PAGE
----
Brave Angelina Jolie made her first public appearance since she revealed she’d had surgery to have her ovaries and fallopian tubes removed as a preventative measure against cancer.
The Maleficent star surprised fans by showing up with daughters Shiloh, 8, and Zahara, 10, at the 2015 Nickelodeon Kids' Choice Awards on Saturday night.
And, as usual, Brad Pitt’s wife looked stunning, as Jolie wore a black dress and hugged her kids as she sat in the audience and enjoyed singers Iggy Azalea, Nick Jonas, and Jennifer Hudson perform.
Then, after Jolie, 39, won the award for Favorite Villain for her role in Maleficent, she urged the youngsters in the crowd to feel good about being different.
In her speech, Jolie revealed, “When I was a kid I was told - like Maleficent - that I was different. But then I realized something: different is good. So maybe you don't fit in. Be yourself. And when someone tells you that you are different just smile and hold your head up, and be proud.
“And as your villain,” she winked, “'I would say, ‘Cause a little trouble. It is good for you!’”
Jolie’s upbeat appearance occurred less than a week after she wrote on the New York Times website about why she’d had her ovaries and fallopian tubes removed—she carries a gene that gave her a 50 percent risk of developing ovarian cancer.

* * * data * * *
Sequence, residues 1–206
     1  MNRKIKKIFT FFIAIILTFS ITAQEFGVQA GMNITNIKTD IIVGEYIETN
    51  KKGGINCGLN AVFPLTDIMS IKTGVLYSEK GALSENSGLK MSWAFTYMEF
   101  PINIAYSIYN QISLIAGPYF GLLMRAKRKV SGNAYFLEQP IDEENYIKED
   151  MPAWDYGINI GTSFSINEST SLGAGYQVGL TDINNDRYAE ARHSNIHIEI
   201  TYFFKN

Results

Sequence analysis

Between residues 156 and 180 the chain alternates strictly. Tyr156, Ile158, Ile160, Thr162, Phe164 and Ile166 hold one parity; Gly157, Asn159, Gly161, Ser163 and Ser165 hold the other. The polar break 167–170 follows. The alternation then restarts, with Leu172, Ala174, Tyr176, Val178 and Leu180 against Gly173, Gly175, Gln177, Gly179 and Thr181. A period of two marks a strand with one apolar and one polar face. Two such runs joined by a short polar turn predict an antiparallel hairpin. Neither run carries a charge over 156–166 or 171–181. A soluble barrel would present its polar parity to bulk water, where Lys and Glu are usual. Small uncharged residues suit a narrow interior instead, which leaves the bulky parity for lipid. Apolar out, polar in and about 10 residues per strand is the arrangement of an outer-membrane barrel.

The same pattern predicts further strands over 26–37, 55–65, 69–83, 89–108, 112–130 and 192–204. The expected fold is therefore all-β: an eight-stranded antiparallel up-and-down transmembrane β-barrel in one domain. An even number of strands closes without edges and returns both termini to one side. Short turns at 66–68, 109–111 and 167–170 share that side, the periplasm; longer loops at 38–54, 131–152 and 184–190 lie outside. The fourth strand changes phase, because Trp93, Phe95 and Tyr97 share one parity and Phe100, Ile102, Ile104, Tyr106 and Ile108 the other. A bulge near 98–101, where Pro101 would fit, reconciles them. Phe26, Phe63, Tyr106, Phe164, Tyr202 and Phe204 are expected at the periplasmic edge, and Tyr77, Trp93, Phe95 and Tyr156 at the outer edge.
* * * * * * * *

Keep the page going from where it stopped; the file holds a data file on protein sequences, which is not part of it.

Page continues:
The star wrote in her op-ed piece, “Diary Of A Surgery”: “I went through what I imagine thousands of other women have felt. I told myself to stay calm, to be strong, and that I had no reason to think I wouldn't live to see my children grow up and to meet my grandchildren.”
Jolie, who is raising six kids—three adopted and three biological—with Pitt, told fans in her article that she wouldn’t be able to bear any more children (but of course, the star has not ruled out adopting more kids with her husband).
Two years ago, as RadarOnline.com reported, Jolie made a bombshell disclosure in an op-ed about how she’d undergone a double mastectomy to prevent the onset of breast cancer.
Her story inspired women around the world to think about their own health histories.